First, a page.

Can Linden Lab learn from the appearance editing features of other software without redesigning the SL avatar from scratch?


 Let's look at where other appearance editors succeed over Second Life's own and see how we can learn from them and apply those lessons to the existing appearance editor and avatar.

 When you start in Second Life, you're generally asked to select from one of several pre-made avatars and then sent into the world with no further explanation of customizing your appearance. This is a relatively recent change from previous versions of the new user experience which would provide a very brief explanation of the appearance editor, and a small set of alternate clothing. Neither experience really provides a user with many options or really provides them with the means to customize their appearance from the start.

 Considering how central the avatar and avatar customization is to the SL experience, this seems like a mistake.

 Let's look at an alternate approach.

 In City of Heroes, APB and other games past and present, when you logged in you would first find yourself in the appearance editor. You're given a plethora of options and could easily spend hours crafting a character before stepping out into the world.

Look at all those sliders!
  Not so different from SL, aside from the lack of clothing options within the appearance editor itself. The SL appearance editor might even have fewer sliders to tinker with, but that does not mean that the interface is as simple as those found in the above examples.

 What LL can learn from is how many games break down the appearance editing process into simple steps, starting them off with basic options and then letting them delve into the sliders to customize those options further if they choose.

So simple, yet even more freedom than SL for shape making!
(Also, even CoH totally gave you a scale to know how tall your character is. Why is that so hard for SL?)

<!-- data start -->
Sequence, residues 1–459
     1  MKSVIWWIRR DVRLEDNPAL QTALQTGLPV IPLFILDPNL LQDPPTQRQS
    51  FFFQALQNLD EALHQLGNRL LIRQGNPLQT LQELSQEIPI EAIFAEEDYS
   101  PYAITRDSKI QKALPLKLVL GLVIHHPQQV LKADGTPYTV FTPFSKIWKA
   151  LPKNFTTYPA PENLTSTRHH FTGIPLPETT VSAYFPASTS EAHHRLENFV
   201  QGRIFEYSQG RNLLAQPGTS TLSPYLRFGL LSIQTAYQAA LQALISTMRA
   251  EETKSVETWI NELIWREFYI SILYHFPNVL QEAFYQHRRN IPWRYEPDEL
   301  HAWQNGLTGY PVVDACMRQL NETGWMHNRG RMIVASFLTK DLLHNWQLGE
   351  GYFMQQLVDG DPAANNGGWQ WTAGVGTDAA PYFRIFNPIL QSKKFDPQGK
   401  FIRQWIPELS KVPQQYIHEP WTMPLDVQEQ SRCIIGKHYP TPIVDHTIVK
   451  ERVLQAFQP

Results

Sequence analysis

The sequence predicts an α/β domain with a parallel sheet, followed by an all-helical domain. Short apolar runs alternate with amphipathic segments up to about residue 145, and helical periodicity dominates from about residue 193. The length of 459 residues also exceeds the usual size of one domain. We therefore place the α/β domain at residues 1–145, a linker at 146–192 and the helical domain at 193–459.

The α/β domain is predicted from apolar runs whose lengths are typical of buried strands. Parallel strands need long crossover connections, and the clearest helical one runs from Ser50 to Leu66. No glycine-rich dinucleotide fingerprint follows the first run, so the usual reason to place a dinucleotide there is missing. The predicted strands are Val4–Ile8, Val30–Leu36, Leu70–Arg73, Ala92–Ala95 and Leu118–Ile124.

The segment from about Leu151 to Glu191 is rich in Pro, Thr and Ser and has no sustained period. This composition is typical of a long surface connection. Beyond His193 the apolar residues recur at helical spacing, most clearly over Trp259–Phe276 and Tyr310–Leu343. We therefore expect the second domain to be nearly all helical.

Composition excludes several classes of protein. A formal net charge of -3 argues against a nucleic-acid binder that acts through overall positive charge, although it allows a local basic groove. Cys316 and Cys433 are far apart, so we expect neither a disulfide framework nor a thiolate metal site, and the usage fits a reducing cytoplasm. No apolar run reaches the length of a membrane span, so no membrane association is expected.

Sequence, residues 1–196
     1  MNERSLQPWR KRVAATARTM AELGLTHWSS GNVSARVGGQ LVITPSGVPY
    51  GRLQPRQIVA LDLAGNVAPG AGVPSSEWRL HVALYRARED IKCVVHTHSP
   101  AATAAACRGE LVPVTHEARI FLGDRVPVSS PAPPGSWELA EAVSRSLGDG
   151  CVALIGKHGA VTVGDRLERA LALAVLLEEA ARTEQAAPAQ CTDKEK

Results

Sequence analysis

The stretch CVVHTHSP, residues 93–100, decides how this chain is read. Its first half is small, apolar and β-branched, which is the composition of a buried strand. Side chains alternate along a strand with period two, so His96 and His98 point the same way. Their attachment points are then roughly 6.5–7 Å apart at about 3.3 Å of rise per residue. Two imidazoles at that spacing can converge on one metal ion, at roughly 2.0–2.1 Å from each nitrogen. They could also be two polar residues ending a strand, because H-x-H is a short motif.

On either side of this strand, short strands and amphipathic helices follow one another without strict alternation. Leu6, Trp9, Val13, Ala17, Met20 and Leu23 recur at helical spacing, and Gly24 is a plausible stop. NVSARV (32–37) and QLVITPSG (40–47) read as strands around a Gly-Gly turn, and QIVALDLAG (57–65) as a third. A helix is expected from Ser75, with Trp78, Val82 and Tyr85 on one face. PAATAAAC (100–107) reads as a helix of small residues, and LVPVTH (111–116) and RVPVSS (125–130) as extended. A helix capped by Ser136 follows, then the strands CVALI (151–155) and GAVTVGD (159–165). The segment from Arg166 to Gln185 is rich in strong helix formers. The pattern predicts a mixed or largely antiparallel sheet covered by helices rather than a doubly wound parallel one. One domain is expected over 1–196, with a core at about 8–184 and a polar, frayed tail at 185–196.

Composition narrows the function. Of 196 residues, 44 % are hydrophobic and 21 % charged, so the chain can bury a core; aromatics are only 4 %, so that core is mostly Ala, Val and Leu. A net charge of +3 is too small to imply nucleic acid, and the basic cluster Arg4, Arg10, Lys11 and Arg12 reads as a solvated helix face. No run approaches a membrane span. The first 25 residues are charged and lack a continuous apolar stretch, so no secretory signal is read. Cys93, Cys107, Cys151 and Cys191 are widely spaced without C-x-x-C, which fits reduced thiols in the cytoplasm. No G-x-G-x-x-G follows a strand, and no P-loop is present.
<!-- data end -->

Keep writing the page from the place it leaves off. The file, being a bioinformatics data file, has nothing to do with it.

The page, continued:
For example, when you first begin creating your City of Heroes character, the game would present you with several general body archetypes. You could be a trim, wiry character. You could have an average, yet fit, build. A more heroic, athletic build or you could even be a hulking mass of muscles!

 You start off with that simple selection of four body types and are provided similarly simple selections for face, hair and skin. At each of these stages you are given the opportunity to delve into a menu of sliders and fine tune the shape to your exact liking!

 Compare this to Second Life, where a new user is given their pre-made avatar and ushered into the world. All of the male avatars have a very similar shape, both in size and body type. Same with the female avatars. If you want a completely different body type, good luck! You need to dive straight into the sliders, and as shown in the Presentation section, there's a lot of obstacles in your way towards making a decent shape for yourself.

 You pretty much need at least a two year art degree and spend several months learning the ins and outs of the SL appearance editor. Then, maybe you can create a pretty good shape for yourself.

  This scares off potential new users. No one wants to be ugly, so if they can't make an avatar they're happy with, and quickly, it prevents the user from getting attached to their avatar and Second Life.

 Linden Lab can fix this, pretty easily at that!

 Learn from these games, add an extra level to the appearance editor, where users select a general body type, face and skin.

Actually, looking at it now, you could totally get rid of the gender tab and just use the little checkbox.
 After user has selected a body type, face and skin, then give them the option to dive into all of the sliders and personalize their creation further!

 If LL fixes the problems with rigged mesh and then introduces a new selection of starters using mesh attachments, they can even have users select their outfit from the start and the rigged clothing and hair will adjust itself automatically with the avatar's body shape.

 I would also suggest that Linden Lab needs to completely replace the art assets the viewer uses for system skins.

 Do you remember system skins? Nobody uses them anymore because they look like this!